My post on June 5 was on the Top 10 Goofs in the 1995 version of Pride and Prejudice. It was fun to see how many of these were well known to you and which ones were more obscure. I committed in the comments thread on that post to give the same treatment to the 2005 adaptation, so that’s where we are today., and we’ll jump right in, starting at #10:
10.) The Awkward Coachman – In the scene where Mr. Bennet returns from London to be met by his daughters with a letter from Uncle Gardiner in hand, the coachman sets the brake after Mr. Bennet is out of the carriage. At this point he should have driven off. Instead, he just sits there, gawking at first, but then focusing forward, parked at the end of the pathway for no apparent reason as the Bennets return to the house. We must give some kudos to the actor who milked an extra minute or so of screen-time out of his minor role.
9.) Mr. Collins’ Photobomb – I thought this scene was a little strange when I noticed, sometime around my third viewing that Mr. Collins seems to be eavesdropping in the hall while Mrs. Bennet begs her husband to intercede with Elizabeth. It wasn’t until I listened to the commentary on the DVD that I learned it was actually a goof – he wasn’t supposed to be there at all. How very Mr. Collins of him!
8.) Caroline Bingley’s Sleeveless Dress – There were numerous fashion faux pas in the film, but no others quite startling as this one. While women in modern times may think nothing of a sleeveless dress on a formal occasion, a gown with no sleeves would have been scandalous in this era. In their effort to contemporize the film for modern audiences, the costumers time traveled Caroline a little too far into the future.
7.) The Rope Swing – It’s possible that no-one on the crew thought this one through, but the rope in this scene is made of synthetic fibers not available in the era, reportedly nylon. Ropes at that time were made from natural fibers such as hemp, cotton, or sisal. Perhaps they thought that no one would notice with Kiera Knightley’s pretty face center screen.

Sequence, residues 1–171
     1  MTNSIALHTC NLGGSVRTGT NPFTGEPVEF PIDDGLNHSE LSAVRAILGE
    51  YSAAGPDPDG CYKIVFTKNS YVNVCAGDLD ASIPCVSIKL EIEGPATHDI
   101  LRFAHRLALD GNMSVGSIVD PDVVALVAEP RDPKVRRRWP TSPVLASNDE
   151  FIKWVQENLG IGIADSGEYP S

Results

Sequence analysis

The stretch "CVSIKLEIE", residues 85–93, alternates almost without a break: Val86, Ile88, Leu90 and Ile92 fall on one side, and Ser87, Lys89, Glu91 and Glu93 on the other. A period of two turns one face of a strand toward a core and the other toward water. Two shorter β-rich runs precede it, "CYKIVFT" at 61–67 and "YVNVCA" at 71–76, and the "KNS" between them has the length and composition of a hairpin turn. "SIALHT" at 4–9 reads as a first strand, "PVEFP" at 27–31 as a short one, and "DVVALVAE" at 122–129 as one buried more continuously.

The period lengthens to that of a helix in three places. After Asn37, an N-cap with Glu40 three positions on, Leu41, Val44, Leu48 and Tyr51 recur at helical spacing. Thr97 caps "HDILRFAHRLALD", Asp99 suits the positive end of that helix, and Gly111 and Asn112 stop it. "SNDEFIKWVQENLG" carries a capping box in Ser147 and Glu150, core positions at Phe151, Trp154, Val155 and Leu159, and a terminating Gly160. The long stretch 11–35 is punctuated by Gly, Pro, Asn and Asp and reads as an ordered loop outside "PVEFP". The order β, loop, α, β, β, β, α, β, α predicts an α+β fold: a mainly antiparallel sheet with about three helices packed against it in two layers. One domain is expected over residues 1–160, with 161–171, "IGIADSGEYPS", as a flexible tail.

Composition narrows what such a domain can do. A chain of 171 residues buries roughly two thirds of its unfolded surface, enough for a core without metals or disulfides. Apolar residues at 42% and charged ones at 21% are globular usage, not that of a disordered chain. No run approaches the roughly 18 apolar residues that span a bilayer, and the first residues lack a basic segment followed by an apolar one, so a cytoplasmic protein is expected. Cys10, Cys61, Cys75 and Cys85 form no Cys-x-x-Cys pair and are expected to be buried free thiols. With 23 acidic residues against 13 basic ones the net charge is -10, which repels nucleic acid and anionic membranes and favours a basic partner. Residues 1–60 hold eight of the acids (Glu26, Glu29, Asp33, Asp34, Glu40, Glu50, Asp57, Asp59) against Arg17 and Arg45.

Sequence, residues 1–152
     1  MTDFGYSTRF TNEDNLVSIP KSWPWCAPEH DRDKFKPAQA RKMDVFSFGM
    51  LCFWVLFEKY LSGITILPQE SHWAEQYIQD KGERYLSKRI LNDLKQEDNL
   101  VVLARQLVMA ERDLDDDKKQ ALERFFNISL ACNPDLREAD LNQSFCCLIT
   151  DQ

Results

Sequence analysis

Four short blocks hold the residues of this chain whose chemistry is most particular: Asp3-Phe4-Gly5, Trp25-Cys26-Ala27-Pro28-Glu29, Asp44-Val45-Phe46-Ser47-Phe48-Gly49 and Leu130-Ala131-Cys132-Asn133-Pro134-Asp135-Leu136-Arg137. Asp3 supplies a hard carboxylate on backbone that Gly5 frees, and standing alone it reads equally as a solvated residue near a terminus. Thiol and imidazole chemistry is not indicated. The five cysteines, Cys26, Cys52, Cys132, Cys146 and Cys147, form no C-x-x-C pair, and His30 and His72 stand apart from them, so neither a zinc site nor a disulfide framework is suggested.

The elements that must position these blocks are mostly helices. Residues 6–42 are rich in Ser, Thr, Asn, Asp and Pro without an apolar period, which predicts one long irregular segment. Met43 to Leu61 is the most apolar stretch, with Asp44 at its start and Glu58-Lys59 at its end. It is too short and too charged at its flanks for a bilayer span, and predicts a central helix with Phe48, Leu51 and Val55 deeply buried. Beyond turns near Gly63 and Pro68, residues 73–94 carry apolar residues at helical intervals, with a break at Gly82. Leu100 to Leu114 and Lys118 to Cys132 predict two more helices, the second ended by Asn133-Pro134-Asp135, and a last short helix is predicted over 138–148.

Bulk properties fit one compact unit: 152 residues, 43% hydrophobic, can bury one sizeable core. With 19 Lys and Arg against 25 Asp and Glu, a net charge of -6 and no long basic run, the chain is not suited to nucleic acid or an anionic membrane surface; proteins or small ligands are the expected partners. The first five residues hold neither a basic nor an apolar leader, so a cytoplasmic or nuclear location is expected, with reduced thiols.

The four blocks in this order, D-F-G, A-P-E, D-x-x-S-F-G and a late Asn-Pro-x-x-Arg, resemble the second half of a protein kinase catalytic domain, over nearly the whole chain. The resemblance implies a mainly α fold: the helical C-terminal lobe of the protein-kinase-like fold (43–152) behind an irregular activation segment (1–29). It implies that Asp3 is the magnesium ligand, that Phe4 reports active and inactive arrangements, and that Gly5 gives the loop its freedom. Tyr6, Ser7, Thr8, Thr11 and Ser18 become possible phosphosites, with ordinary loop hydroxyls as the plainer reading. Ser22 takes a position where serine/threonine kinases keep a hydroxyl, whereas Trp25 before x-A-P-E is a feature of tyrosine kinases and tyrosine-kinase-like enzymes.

6.) The Boat to Nowhere – There is a sweet little montage we see while Elizabeth is spinning in that swing, that I’ve never quite figured out what it’s about. At first, it seemed to be the passing of the seasons, but after repeated viewings, I think it’s meant to be her reminiscing … or something. I still can’t make sense of the boat in the middle of the courtyard. The presence of the sailboat is obviously intentional, and probably symbolic, but it’s jarring and makes no sense in context. I can’t help but consider it a goof.
5.) The Mystic Sun – In the opening sequence, we see Elizabeth approaching Longbourn at the back of the house. The highlights and shadows make it clear that the sun is behind her. She walks through the house and gets to the front door, where we see the rising sun shining through the trees toward the front of the house, so she is facing the sun now. The flow of the rest of the scene is clearly lit with the morning sun coming through windows on the front of the house. I thought this was an oversight, but when listening to the commentary, discovered that this goof was actually intentional on the part of the director, Joe Wright. From a cinematic perspective, it’s quite a gorgeous and magical effect, but for repeat viewers, it’s frustrating. My apologies to those who never noticed this before. Once you notice it, you can’t go back.